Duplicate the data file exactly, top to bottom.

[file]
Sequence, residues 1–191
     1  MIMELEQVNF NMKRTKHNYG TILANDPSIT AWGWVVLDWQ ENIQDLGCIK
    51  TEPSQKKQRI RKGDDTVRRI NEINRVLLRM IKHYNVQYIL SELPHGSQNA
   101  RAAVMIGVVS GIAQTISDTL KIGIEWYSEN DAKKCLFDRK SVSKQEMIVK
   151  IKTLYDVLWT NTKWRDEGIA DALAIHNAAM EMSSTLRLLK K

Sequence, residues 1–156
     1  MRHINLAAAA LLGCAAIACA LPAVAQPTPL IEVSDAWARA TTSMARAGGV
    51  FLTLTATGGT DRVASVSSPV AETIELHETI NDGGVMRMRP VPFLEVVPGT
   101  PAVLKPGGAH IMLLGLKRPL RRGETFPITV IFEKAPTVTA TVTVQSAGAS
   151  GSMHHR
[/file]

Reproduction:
Sequence, residues 1–191
     1  MIMELEQVNF NMKRTKHNYG TILANDPSIT AWGWVVLDWQ ENIQDLGCIK
    51  TEPSQKKQRI RKGDDTVRRI NEINRVLLRM IKHYNVQYIL SELPHGSQNA
   101  RAAVMIGVVS GIAQTISDTL KIGIEWYSEN DAKKCLFDRK SVSKQEMIVK
   151  IKTLYDVLWT NTKWRDEGIA DALAIHNAAM EMSSTLRLLK K

Sequence, residues 1–156
     1  MRHINLAAAA LLGCAAIACA LPAVAQPTPL IEVSDAWARA TTSMARAGGV
    51  FLTLTATGGT DRVASVSSPV AETIELHETI NDGGVMRMRP VPFLEVVPGT
   101  PAVLKPGGAH IMLLGLKRPL RRGETFPITV IFEKAPTVTA TVTVQSAGAS
   151  GSMHHR